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Peace and reconciliation through dignity and respect

Peace and reconciliation through dignity and respect

Chile has approached the issue of justice and reconciliation after 17 years of dictatorship through 17 years of progressive and incremental return to a socially focused democracy that is not centred on the market society but on a civil society.

There are lessons to be learnt in the manner in which countries divided through social and political unrest not only rebuild society but extend the notion of the civil and democratic

One of our members, Gastón Arias, was subjected to political exile by the military Junta of dictator Augusto Pinochet. Our member was firstly exiled internally to the psychological and physical isolation and hardship of the south of Chile and later externally to Australia as a political refugee for his active opposition to the illegal regime that overthrew the democratically elected socialist government of Salvador Allende.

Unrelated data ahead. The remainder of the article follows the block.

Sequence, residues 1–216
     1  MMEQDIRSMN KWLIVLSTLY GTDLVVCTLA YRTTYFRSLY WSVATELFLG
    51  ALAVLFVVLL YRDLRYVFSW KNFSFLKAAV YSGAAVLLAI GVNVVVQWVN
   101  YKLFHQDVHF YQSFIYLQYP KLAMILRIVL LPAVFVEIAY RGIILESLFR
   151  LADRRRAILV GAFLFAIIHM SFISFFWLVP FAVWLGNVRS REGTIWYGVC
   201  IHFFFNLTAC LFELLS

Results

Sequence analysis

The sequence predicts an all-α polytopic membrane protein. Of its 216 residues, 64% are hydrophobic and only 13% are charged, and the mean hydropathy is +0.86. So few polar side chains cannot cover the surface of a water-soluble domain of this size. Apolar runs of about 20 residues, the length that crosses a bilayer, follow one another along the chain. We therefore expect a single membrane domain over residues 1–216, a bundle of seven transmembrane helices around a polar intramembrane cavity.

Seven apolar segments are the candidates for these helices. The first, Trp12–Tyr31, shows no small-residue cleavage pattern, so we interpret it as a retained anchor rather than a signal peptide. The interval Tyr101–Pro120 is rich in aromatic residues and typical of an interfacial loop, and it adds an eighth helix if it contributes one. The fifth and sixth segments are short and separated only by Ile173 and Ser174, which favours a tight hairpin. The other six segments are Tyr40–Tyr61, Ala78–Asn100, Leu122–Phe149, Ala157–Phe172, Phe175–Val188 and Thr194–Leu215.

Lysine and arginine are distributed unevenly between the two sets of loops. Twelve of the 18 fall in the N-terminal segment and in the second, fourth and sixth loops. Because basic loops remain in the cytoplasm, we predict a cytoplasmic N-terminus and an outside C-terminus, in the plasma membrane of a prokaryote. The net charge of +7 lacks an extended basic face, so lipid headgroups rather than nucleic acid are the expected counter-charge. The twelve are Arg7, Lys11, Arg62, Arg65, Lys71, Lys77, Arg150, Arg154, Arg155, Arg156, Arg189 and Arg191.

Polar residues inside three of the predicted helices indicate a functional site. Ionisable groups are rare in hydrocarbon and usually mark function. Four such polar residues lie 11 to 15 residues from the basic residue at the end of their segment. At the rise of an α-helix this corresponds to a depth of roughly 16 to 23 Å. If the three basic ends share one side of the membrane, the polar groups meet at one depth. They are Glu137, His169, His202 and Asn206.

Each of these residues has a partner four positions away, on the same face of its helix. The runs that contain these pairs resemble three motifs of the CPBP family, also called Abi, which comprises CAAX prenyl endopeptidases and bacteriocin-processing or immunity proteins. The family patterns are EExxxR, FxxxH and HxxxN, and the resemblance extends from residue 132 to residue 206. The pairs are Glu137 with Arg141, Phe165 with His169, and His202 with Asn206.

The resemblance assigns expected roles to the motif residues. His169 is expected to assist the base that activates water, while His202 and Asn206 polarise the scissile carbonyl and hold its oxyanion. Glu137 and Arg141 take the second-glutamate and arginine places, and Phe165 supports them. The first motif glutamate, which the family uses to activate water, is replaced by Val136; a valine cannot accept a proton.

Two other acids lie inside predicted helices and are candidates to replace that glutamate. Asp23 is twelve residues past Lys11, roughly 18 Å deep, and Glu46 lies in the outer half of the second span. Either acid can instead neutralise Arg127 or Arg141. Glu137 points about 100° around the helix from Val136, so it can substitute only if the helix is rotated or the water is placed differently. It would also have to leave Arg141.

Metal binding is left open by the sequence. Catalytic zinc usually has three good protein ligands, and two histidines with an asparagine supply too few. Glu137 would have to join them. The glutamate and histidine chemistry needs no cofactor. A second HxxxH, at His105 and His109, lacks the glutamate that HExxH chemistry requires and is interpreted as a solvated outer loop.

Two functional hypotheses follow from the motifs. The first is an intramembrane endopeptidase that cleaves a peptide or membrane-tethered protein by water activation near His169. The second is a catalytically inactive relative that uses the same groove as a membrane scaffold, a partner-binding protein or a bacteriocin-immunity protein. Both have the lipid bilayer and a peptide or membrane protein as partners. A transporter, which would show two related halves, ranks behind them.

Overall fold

A program introduced by the Government of Chile offers people whose education was broken by the dictatorship to complete their study. Our member was studying engineering at the time of the military coup, was married and had one year to complete his studies. He is now 65 years old. He is taking up the offer.

The dignity and respect for those who defended democracy is overshadowed by a much more fundamental belief that everyone, irrespective of age should be encouraged to contribute to society by being inquisitive (not acquisitive) and to grow for their whole life through knowledge.

Our member will be upskilling and updating his mind by completing a course in information engineering.

There is no end to what kind of society we can make with just a little imagination and a whole heap of respect.

Congratulations to our arch-peace's engineer Gastón Arias.

Anthony McInneny


Anonymous said...

what an inspiration Anthony, thanks
Rob T.

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